Is competency education a reform better suited for rural and outer ring suburbs than urban districts? That’s one of the questions I get asked a lot in the back of the room at meetings. No one ever asks that question during the regular sessions, leading me to think that the question goes beyond the size of the districts, and that the question is actually asking will competency education work in areas of concentrated poverty? Or perhaps, in our racially segregated country, people are using the code word “urban” to mean will it work for African-American students?
It is true that many of the district-wide reforms, supported by the work of the Reinventing Schools Coalition, started in rural districts and have taken hold in rural and suburban districts. However, we now have a proof point that the very same model is taking root in south Los Angeles at Barack Obama Charter School (BOCS). And they are getting results – last year they had a 150 point gain in one year based on the California Standards Tests.
Earlier this year I had the opportunity to visit the Barack Obama Charter School, hosted by Nikolaus Namba, Chief Academic Officer at Ingenium Schools. Mr. Namba developed his leadership in competency-based education at Adams 50 as a teacher and instructional coach. He now brings his deep commitment to children, creativity, vision, and expertise to Ingenium to help them fully implement the model developed by the Reinventing Schools Coalition.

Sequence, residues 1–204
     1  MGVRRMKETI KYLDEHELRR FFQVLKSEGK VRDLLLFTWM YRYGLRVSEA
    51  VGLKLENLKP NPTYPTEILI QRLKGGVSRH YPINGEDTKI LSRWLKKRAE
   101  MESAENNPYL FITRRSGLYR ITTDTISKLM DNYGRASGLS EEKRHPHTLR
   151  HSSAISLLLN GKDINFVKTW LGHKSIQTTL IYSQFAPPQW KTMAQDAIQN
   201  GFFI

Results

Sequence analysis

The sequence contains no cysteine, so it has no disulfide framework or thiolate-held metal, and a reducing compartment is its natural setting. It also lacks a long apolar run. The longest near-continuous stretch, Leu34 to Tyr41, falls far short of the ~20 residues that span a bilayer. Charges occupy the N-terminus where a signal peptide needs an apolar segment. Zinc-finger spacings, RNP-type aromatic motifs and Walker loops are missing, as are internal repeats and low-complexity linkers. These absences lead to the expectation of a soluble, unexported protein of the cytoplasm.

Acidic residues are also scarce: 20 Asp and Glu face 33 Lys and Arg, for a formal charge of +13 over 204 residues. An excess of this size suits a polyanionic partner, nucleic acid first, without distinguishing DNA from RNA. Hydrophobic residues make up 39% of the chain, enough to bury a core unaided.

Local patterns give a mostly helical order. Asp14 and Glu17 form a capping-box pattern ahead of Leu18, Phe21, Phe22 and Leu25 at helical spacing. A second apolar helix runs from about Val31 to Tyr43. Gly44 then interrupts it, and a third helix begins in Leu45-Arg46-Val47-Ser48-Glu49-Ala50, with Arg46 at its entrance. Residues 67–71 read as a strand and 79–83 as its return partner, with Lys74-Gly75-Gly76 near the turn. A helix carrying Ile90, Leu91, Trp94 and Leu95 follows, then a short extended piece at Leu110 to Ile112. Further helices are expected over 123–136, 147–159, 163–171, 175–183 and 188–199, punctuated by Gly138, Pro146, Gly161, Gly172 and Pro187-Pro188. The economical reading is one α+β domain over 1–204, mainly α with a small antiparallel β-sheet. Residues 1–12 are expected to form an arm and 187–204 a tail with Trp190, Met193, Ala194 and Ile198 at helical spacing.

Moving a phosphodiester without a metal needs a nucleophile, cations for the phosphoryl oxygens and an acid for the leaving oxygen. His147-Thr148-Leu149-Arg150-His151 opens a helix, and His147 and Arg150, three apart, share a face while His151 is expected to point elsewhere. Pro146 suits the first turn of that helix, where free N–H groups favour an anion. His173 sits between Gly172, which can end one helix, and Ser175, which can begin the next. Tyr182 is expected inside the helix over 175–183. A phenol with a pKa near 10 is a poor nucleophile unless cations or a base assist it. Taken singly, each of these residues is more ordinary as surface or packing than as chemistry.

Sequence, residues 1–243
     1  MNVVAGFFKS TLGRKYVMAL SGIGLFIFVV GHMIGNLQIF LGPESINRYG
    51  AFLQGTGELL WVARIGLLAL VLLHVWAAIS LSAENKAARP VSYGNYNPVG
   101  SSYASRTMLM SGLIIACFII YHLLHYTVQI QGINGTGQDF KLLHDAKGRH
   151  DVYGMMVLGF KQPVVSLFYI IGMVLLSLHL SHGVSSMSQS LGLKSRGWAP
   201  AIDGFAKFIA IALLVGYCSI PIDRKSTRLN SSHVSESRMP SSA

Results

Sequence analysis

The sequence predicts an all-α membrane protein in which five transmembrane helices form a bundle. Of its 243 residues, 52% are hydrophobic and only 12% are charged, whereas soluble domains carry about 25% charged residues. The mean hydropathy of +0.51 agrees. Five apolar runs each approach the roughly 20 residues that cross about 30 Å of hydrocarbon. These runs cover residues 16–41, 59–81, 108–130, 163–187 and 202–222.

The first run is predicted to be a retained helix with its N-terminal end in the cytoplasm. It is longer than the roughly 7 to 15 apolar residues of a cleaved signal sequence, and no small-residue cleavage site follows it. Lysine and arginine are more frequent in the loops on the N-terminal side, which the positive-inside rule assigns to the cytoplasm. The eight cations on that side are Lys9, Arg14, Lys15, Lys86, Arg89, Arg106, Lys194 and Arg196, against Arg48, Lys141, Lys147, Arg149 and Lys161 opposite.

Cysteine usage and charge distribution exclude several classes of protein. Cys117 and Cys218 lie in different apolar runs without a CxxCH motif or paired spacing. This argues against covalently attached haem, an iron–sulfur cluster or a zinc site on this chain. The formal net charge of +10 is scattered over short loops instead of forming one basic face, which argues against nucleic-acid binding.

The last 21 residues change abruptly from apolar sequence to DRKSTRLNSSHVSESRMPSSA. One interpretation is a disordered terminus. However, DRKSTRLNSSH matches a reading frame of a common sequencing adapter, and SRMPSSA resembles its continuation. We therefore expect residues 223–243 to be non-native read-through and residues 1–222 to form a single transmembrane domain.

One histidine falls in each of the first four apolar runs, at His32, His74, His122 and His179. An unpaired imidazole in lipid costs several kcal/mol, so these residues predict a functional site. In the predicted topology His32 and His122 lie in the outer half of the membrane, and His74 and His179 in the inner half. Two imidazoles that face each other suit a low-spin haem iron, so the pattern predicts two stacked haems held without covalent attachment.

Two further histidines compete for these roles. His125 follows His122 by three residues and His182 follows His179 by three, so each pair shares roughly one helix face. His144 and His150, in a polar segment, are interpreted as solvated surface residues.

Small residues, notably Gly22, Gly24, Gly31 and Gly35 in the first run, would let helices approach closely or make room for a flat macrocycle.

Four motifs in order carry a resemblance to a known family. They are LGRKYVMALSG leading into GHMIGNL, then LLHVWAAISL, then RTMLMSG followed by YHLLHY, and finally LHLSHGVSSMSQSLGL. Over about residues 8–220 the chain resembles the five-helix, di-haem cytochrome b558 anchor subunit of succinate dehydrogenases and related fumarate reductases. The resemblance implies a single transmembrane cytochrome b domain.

BOCS, now in its fourth year serving 330 students K-6, is deeply rooted in the community. In fact the community helped to name the school. The school is tucked away under a highway in a neighborhood that has been shouldering the pain of long-term unemployment. Upon my arrival, I was heart-struck with the warm greetings from the adults welcoming each student as they arrived to walk through the fences to their classroom in a “bungalow.” Nearly 100% of the children are classified as eligible for free and reduced lunch. Mobility is high with 50% new students each year. Less than 10% of the students were on grade level when they entered.
I couldn’t help but gasp as I walked into a 3rd grade classroom at the number of students squeezed into the room. And then my jaw dropped again because every one of the students were on-task. A young lady jumped up and offered to give me a tour of the classroom. While the teacher continued to work with students, I was shown at least ten different stations in the room, each with a place on the wall where students were marking their progress. My young guide was able to tell me where she was, what had been hard for her to learn and what she did to be successful, and what she would be working on next. I left the classroom floating in her sense of pride and identity as a learner. Truly a learner-centered classroom — the same kind you see in James Bean Elementary School in Maine or in Lindsay Unified High School in California.